I woke up early today due to a coughing-fit a little before 05:00, got ready, and walked to the train station where the buses depart from Xi’an to go to Huashan. I bought my bus ticket and then we departed at 06:30; the journey took about two hours to reach the village of Huashan. We parked, exited the vehicle, I watched local men doing a whip workout on the sidewalks (they were cracking their whips, side-to-side), I bought water to fill my camelbak (the locals had never seen a camelbak before and found it curious), and started the ascent up Mount Hua to do the “most dangerous trek in the world”. First, I passed through a monastery with many statues of ferocious mythical creatures, then I continued up the path to the entrance gate where I bought my ticket. From that point, I hiked uphill for six kilometers to reach the first split in the trail – I should note that this trail is almost entirely steps (tall steps, narrow steps, steep steps). Also, along this trek, many Chinese wanted photos with me and the other Westerners on the trail, so I made it into a lot of people’s digital photo albums today. From the split in the trail, I met a Taiwanese man and two Scotsmen traveling together to do the “Plank Road in the Sky”; since this is what I came here to do too, I joined up with them.
Together we walked to the East Peak summit, met and talked with a South Korean woman, and took many pictures of the South Peak (which was clearly in view) and the surrounding mountains. Overall, it was very hazy, but not enough where we couldn’t enjoy many of the spectacular views. Also, this “most dangerous trek in the world” went right through a restaurant/hotel (never hiked a trail like this before) and had many many vendors along the pathway selling the usual dispensary souvenirs, food, and drink (I cringe to think what Yosemite or Glacier National Park would look like if they were located in China – but of course this wasn’t a national park, it was a historic pilgrimage trail to the top of one of China’s five important peaks).
From the East Peak, we descended to the “Hawk Flipping Over” trail and “Chess Pavilion”, which the Taiwanese man and I did. We used harnesses and were clipped into a safety line to descend a 90-degree trail (we had to feel with our feet the holes cut into the rock for us to use as steps while hanging on to a rusted chain); we then reached the walkway carved into the stone below, where we were able to hike up to the chess pavilion built on top one of the rocks. We then headed back up the trail and linked up with the two Scotsmen (who were watching my valuables (passport, wallet, iPhone, camera – all those things I need for this world-wide trek I’m doing).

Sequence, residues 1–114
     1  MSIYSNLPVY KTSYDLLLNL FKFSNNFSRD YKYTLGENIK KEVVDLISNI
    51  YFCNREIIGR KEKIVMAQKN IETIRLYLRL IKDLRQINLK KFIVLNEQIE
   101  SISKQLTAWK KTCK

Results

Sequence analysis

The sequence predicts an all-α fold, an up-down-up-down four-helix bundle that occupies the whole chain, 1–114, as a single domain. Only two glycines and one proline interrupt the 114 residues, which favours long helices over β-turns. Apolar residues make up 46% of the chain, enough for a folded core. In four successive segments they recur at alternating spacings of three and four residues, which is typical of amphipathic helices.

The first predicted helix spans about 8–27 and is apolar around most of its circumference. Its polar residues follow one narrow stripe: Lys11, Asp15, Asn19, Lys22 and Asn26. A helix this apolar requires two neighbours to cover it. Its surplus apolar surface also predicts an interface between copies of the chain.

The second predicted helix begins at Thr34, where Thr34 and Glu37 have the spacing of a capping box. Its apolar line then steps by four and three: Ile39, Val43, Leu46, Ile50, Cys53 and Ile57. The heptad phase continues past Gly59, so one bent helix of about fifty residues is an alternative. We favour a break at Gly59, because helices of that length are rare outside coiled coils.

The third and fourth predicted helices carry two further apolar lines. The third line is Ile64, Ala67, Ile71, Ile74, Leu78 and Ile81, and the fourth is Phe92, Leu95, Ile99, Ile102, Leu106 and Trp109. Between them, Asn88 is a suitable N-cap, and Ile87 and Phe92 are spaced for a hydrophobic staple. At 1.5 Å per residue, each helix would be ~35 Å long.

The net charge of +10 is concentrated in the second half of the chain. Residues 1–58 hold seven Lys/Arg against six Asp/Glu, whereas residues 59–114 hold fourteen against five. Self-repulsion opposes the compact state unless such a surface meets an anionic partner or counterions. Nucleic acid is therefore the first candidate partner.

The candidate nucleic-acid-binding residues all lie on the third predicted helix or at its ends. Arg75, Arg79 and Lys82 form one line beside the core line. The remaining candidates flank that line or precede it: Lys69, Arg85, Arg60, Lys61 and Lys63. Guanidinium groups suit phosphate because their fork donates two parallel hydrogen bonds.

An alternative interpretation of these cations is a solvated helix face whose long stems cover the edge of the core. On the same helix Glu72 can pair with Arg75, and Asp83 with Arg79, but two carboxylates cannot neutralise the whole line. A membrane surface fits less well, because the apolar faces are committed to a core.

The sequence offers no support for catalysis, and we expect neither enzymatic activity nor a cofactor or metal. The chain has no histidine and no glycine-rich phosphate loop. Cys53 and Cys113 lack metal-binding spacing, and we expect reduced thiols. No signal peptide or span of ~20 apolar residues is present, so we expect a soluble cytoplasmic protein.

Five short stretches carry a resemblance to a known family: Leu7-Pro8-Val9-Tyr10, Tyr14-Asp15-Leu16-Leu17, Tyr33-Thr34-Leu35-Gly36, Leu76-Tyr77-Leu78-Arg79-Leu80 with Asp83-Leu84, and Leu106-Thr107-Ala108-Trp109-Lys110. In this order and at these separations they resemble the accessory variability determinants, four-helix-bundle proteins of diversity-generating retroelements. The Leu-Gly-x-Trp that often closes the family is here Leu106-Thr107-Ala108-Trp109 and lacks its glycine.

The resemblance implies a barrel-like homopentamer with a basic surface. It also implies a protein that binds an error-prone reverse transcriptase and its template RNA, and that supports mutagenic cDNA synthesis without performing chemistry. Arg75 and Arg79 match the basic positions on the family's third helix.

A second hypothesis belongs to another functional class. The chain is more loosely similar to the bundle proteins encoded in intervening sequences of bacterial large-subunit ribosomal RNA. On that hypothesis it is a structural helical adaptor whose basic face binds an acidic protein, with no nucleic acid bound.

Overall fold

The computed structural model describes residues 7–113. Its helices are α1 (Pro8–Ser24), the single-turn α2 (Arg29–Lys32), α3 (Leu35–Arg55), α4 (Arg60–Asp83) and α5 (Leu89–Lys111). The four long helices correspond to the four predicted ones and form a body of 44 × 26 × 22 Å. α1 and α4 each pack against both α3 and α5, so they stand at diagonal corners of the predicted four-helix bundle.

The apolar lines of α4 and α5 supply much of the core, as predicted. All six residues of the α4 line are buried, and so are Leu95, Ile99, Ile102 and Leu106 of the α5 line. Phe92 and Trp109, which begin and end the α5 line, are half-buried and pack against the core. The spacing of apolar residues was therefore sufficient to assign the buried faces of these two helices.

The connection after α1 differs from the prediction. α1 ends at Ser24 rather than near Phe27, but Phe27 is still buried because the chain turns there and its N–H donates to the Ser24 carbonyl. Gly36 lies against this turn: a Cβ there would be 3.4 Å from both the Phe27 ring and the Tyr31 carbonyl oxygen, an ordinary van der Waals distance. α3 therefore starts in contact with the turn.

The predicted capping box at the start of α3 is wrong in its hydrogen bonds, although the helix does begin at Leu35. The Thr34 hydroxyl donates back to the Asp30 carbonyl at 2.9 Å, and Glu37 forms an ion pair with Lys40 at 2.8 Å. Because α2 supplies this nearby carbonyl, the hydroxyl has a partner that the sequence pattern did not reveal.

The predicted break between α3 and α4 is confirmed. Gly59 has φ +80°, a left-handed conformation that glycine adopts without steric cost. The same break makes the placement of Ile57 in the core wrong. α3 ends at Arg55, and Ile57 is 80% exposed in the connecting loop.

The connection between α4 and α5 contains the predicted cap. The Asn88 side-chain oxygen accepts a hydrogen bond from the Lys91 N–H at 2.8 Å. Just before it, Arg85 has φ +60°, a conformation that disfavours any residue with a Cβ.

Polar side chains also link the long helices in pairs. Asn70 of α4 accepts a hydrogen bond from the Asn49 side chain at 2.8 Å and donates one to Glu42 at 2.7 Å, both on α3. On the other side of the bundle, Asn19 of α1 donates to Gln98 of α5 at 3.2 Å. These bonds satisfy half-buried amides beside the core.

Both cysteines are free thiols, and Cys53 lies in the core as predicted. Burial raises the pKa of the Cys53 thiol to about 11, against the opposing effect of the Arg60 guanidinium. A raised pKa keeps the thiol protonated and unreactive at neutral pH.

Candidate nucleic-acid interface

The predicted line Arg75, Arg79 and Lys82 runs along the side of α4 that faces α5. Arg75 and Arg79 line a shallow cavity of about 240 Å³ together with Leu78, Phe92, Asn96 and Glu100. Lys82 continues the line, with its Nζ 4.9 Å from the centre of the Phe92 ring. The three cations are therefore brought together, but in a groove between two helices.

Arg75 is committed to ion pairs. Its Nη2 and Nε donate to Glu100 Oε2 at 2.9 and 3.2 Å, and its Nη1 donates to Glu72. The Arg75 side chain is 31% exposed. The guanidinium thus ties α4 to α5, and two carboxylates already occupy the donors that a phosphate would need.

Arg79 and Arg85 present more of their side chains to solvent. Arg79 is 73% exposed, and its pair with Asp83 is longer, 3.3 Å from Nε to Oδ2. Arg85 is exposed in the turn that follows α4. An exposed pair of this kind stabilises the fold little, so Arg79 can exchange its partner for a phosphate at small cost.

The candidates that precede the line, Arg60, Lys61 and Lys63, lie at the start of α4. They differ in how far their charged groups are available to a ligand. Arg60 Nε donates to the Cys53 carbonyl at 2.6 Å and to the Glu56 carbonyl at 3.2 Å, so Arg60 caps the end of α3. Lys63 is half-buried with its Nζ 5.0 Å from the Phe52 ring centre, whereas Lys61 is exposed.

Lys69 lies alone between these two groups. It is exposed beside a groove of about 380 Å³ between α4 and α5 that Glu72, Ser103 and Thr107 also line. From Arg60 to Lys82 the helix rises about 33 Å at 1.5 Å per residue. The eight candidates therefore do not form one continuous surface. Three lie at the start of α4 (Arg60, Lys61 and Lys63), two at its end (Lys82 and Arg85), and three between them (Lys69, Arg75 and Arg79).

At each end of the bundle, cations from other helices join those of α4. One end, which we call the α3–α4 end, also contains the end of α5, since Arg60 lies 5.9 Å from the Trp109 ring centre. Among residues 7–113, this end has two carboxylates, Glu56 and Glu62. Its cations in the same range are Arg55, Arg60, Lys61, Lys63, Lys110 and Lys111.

We journeyed to the South Peak next, which is where you find the famous “Plank Road in the Sky”. We waited awhile in line, paid our fee, got our harnesses, and slowly began our move toward the planks. This trail has people coming and going on very narrow paths and not much room to maneuver. First, we descended down a steel ladder built between the rock, then we reached a part of the path that is horizontal and is made from the rock having been cut away, where you can place your feet while holding on to the metal chain. It was here, as I was hugging the rock and allowing people to go around me to ascend back up the trail, that a woman pressed against my camera lens cover, causing the lens cover to plummet down to the earth below. I will now need to buy a new one, but as one of the Scotsmen commented, that if I were to lose the cover, this would be the place to do it. We then finally reached the plank walk, which led us to solid ground (or rock), where a shrine is located. We then went back the way we came, luckily not having to pass through too many other hikers heading toward the shrine, before finishing the famous trail.
We then walked to the West Peak, where we used a recently installed cable car to take us back down. This ride offered us great views and a welcome rest. We reached the bottom, took the shuttle bus back in to town, said our goodbyes, and I left back to Xi’an on a bus. I reached the train station in about two hours, walked back to the hostel, took a much needed shower after being drenched in sweat from the hike, had banana bread and walnuts bought at a local convenience store for dinner along with beer, and then went to sleep.